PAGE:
Basketball world reacts to Wooden

LOS ANGELES -- There was a game played here Thursday night, but there was a sadness in the building.

Whether they had heard before the Lakers and Celtics opened the NBA Finals at Staples Center that legendary UCLA men's basketball coach John Wooden was in the hospital, gravely ill, those who had known him, loved him or simply respected him from afar reacted to the news with great emotion: sadness at the news, and gratitude and appreciation for all that Wooden meant to them.

"He's a legend and an icon. He's one of the world's treasures, but especially in L.A.," Magic Johnson said.

Wooden died Friday night of natural causes at Ronald Reagan UCLA Medical Center, where he had been hospitalized since May 26.

"I sat down with him many a time," Johnson said Thursday. "He was a guy who gave me a lot of advice when I first got here. We used to speak at different [basketball] camps together. It was amazing to hear his knowledge. He used to tell me, 'When you work with young people, never penalize them for what they are or what they aren't -- you work with them, and love them.' When he talked, I took notes, many notes."

Kobe Bryant hadn't heard of Wooden's condition until he was leaving Staples Center after the Lakers' 102-89 Game 1 victory.

"I met him once, it was at Chick Hearn's funeral, and we talked for about 20 minutes," Bryant said. "I've read his books, and I've been a fan of his for a long time, since I was in middle school. In high school, my high school coach introduced me to his philosophies, his pyramid and things like that.

"His legacy is unmatched. It's unreal. You talk to players that played for him, they all say to a man that he has made them better people, aside from the basketball. Just them as people, he's helped them be better. That's the true testimony to his legacy."

Across the aisle in this already-heated series, the sentiment was the same.

"Forget the coaching part. I wish we could all be that decent," Celtics coach Doc Rivers said. "I only have two autographed pictures on my desk. One's Red Auerbach and one's John Wooden. Those are probably the only people, outside of Muhammad Ali, that I've ever asked for an autograph."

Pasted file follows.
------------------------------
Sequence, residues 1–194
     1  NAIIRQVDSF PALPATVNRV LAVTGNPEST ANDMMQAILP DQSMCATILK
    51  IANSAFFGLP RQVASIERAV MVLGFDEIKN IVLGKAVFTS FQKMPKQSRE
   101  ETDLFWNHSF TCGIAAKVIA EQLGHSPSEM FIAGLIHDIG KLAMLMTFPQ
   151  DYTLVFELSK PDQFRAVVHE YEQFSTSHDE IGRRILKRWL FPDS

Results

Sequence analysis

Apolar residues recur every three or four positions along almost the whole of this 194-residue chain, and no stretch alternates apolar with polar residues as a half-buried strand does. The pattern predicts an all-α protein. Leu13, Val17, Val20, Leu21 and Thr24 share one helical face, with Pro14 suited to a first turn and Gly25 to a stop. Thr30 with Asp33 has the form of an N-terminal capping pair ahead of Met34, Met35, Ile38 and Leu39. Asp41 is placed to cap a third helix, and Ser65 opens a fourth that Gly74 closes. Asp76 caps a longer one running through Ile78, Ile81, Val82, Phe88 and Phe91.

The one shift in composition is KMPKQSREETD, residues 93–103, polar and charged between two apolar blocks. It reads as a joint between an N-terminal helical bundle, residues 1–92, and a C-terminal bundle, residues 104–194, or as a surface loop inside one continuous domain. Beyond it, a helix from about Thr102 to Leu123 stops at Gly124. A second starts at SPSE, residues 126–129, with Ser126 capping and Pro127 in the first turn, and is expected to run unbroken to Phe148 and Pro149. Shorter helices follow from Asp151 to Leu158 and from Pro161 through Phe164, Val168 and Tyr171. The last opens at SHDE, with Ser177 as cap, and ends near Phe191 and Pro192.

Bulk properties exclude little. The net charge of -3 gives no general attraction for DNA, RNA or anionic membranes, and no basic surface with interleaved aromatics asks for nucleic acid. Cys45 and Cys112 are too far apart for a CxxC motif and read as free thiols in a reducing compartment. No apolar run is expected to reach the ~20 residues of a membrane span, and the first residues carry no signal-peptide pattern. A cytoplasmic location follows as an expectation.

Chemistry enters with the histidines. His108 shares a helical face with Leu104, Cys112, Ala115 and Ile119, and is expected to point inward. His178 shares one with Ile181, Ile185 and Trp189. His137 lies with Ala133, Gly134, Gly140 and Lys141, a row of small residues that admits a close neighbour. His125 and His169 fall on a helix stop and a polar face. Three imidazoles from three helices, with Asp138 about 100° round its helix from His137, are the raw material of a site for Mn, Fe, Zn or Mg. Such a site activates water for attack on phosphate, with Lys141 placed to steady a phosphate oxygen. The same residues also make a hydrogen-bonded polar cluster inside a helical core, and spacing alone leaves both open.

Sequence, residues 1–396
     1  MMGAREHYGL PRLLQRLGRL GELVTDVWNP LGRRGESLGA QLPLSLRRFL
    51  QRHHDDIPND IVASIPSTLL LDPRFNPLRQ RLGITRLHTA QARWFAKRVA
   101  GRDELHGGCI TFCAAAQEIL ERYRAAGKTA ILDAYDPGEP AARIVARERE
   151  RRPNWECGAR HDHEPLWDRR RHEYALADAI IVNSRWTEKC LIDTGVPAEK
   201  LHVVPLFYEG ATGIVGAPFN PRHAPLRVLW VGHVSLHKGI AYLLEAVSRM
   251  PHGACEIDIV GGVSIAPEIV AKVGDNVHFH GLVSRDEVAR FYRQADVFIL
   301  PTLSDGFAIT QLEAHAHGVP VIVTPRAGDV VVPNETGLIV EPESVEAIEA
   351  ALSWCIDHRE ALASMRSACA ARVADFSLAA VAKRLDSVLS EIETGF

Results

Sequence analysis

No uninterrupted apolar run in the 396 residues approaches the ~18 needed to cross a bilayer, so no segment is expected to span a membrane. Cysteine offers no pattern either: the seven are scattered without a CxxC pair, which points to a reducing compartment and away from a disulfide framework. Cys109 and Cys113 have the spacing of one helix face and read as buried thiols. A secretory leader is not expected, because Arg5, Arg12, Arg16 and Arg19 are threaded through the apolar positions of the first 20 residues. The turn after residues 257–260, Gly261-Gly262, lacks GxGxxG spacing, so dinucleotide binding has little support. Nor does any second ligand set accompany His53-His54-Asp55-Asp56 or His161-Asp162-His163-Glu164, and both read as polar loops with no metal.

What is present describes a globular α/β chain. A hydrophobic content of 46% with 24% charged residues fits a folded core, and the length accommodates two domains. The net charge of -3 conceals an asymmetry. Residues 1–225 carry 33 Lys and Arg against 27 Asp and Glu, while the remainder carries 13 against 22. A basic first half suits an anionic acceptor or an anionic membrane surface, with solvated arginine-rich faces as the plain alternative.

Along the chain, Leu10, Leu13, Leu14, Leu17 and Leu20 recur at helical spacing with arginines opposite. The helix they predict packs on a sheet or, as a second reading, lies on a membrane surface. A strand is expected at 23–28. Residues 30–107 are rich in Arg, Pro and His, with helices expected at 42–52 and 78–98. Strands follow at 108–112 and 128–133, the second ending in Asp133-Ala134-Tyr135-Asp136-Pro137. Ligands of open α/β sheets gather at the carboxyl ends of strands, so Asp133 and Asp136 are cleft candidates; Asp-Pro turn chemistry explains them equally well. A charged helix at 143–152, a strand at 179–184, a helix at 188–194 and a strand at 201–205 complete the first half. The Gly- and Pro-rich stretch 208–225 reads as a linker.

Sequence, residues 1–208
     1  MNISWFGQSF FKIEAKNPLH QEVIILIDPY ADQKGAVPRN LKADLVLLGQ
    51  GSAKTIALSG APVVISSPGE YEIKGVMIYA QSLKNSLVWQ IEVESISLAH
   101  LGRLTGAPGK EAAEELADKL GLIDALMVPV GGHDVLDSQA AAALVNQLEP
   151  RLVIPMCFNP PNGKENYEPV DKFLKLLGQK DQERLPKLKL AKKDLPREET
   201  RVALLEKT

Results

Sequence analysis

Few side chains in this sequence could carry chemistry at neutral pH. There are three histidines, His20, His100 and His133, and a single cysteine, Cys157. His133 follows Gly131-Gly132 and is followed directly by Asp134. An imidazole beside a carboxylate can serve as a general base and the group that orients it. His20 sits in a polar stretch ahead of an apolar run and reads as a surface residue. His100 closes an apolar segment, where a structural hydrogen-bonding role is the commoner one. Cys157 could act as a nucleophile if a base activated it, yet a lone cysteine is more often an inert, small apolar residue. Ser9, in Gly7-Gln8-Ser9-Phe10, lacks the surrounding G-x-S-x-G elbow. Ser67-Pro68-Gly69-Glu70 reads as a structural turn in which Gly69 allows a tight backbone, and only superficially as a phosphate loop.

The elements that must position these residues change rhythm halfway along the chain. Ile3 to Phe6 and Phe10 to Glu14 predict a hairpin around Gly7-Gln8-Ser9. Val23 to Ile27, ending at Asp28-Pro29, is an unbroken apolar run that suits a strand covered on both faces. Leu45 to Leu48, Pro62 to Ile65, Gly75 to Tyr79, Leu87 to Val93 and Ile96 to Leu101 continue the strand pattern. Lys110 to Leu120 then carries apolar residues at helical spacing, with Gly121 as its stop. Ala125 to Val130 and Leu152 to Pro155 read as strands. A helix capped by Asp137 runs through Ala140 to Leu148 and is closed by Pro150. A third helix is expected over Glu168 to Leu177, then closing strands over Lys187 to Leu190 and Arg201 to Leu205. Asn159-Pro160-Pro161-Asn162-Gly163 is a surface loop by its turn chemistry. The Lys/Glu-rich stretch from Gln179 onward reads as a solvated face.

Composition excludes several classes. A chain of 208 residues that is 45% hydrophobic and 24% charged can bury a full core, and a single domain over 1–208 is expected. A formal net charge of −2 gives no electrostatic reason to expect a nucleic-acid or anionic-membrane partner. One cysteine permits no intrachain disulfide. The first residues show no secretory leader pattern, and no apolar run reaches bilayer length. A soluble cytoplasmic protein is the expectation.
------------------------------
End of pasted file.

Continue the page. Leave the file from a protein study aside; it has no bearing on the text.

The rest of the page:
Former UCLA star Marques Johnson, who won the first Wooden Award in 1977, said he'd seen Wooden on Mother's Day and got the sense that the legendary coach "was ready to move on."

"We have to let him go," said Johnson, who helped Wooden win his 10th and final national title in 1974-75. "It's selfish of us to want him to stick around, to be here to reach his 100th birthday.

"He's done everything in his life that he's wanted to do. He married his childhood sweetheart; he got to participate in a game he loved; he has his kids, grandkids, great-grandkids. I believe that he believes that he's going to be reconnected with his loved ones [once he leaves us]. That's why I feel it's time for us to let him go. Because in the spiritual sense, and I don't know what you believe in, but if he's ready to go, we need to let him go.

"I've been very blessed to have had him in my life and to have been a part of his. The life lessons are what stick with you the most. For most of his players, the stuff he talks about goes over our heads. The spiritually laced messages, all of that stuff, as a 17- 18-year-old kid, you aren't trying to hear that. I was a 17-year-old kid from the 'hood when I came [to UCLA], and for the first two years of my college career he told me things that I didn't connect with. A lot of times, I was like 'Whatever.' I was just trying to play ball. But as you live, as you get older, as your life develops, as you persevere, everything he says -- it begins to kick in. You hear his voice telling you things that he told you years ago."